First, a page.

H-1B in the Tech Industry

What is the H-1B visa?

The H-1B visa is a guest worker program that allows U.S. companies to bring in highly-skilled foreign workers for specialized jobs. H-1B holders can legally work in the U.S. for three years, with the possibility of extensions and even permanent residency. The total number of visas issued each year is limited to 85,000. If the United States Citizenship and Immigration Services (USCIS) receives more H-1B applications than it can approve, the agency holds a lottery to randomly select which petitions it will process. For fiscal year 2018, the agency received 199,000 petitions for the available 85,000 visas.

What does the H-1B have to do with the tech industry?

According to a Goldman Sachs report, about 900,000 to a million H-1B visa holders reside in the U.S. and these H-1B workers occupy almost 13 percent of technology jobs. In the Silicon Valley, over 50% of STEM (science, technology, engineering, and mathematics) positions were held by foreign workers in 2016. Many of these foreigners had an H-1B visa. Based on data from the federal government, Google was approved for 2,500 H-1B workers and Apple was approved for nearly 2,000 in 2016. Foreign workers have a big presence in the Silicon Valley and have played a part in the tech sector’s growth, but not without controversy.

Why is there controversy surrounding the H-1B visa?

The controversy around the H-1B visa stems from the argument that foreign workers are replacing American ones. Those in favor of visa regulations argue that companies misuse the H-1B to hire cheap labor. They also argue that too many H-1B visas are issued to outsourcing firms. Both situations jeopardize employment and income opportunities for Americans. While not every company takes advantage of the H-1B program to minimize labor costs, there have been such cases. Examples are Disney and Southern California Edison. Both companies became involved in high-profile lawsuits for laying off hundreds of American IT workers for lower-paid H-1B replacements.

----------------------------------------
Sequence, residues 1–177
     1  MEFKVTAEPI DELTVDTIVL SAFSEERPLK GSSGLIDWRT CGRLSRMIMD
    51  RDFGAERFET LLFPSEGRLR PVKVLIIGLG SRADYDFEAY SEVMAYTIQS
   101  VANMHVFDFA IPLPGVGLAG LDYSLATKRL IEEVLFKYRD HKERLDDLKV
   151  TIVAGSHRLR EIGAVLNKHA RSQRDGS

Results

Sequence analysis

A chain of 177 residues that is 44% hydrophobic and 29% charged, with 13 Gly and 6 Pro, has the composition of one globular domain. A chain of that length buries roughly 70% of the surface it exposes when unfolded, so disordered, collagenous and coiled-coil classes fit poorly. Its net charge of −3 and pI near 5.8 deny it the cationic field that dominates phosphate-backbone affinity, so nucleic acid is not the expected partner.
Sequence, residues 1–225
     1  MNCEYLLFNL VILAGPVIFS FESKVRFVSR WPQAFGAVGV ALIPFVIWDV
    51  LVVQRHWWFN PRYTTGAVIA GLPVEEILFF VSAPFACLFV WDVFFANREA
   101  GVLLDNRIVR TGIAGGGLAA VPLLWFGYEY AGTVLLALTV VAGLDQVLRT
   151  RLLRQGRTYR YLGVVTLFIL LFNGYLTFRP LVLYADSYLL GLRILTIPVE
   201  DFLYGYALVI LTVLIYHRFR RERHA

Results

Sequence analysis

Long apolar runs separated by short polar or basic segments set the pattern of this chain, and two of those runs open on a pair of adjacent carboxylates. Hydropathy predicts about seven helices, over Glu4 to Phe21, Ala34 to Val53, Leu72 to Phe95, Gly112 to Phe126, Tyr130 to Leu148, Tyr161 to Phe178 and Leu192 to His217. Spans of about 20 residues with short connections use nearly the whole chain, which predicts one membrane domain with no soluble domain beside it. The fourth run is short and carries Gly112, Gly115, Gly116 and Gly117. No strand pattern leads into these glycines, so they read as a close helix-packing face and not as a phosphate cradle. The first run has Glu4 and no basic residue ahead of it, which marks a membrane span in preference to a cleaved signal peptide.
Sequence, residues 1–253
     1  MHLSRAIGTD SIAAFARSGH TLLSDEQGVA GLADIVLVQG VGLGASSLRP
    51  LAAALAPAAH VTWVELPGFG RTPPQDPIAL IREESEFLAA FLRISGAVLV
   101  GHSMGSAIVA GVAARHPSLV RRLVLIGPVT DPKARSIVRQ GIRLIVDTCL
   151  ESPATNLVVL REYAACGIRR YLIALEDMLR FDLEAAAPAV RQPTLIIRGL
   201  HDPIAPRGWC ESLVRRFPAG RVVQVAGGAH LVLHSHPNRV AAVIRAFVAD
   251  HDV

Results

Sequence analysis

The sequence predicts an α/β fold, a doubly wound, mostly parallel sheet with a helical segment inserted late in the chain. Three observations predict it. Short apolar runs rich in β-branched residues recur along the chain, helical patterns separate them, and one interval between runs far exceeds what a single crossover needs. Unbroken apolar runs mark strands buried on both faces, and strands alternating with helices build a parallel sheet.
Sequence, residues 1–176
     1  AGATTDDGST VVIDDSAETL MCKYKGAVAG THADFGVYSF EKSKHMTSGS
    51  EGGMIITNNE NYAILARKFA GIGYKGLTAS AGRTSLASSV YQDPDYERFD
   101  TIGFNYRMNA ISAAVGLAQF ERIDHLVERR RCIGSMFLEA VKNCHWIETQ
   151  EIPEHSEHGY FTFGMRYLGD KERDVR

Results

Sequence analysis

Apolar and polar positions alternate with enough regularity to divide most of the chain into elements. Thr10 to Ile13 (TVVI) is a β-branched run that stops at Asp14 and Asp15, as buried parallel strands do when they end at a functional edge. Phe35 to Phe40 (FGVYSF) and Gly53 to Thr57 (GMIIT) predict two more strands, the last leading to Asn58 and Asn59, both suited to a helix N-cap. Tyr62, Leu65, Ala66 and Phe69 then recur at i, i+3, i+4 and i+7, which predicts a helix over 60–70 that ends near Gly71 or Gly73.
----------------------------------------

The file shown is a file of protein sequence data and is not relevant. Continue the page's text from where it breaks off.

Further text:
On the other side, H-1B supporters argue that the visa brings highly-skilled individuals to the U.S. that the country needs. Certain roles in both government and private sectors are in high demand, including software engineers and data scientists. H-1B supporters claim that the U.S. has a shortage of skills for these types of roles. Supporters also argue that bringing critical talent into the labor market sparks more innovation and productivity, which helps companies remain competitive.

How has the Trump administration responded to this?

In April 2017, President Trump signed an executive order called “Buy American and Hire American.” The order seeks to increase wages and employment rates for American workers. It also calls for more rigorous enforcement of immigration laws in order to protect the economic interests of domestic workers. Since the executive order went into effect, USCIS has tightened oversight on H-1B workers and H-1B petitions, and some lawyers even report an increase in visa denials. “Buy American and Hire American” will also advance policies to ensure that H-1B visas are awarded to the most skilled or highest-paid job candidates.

What do tech workers in the Blind community have to say?

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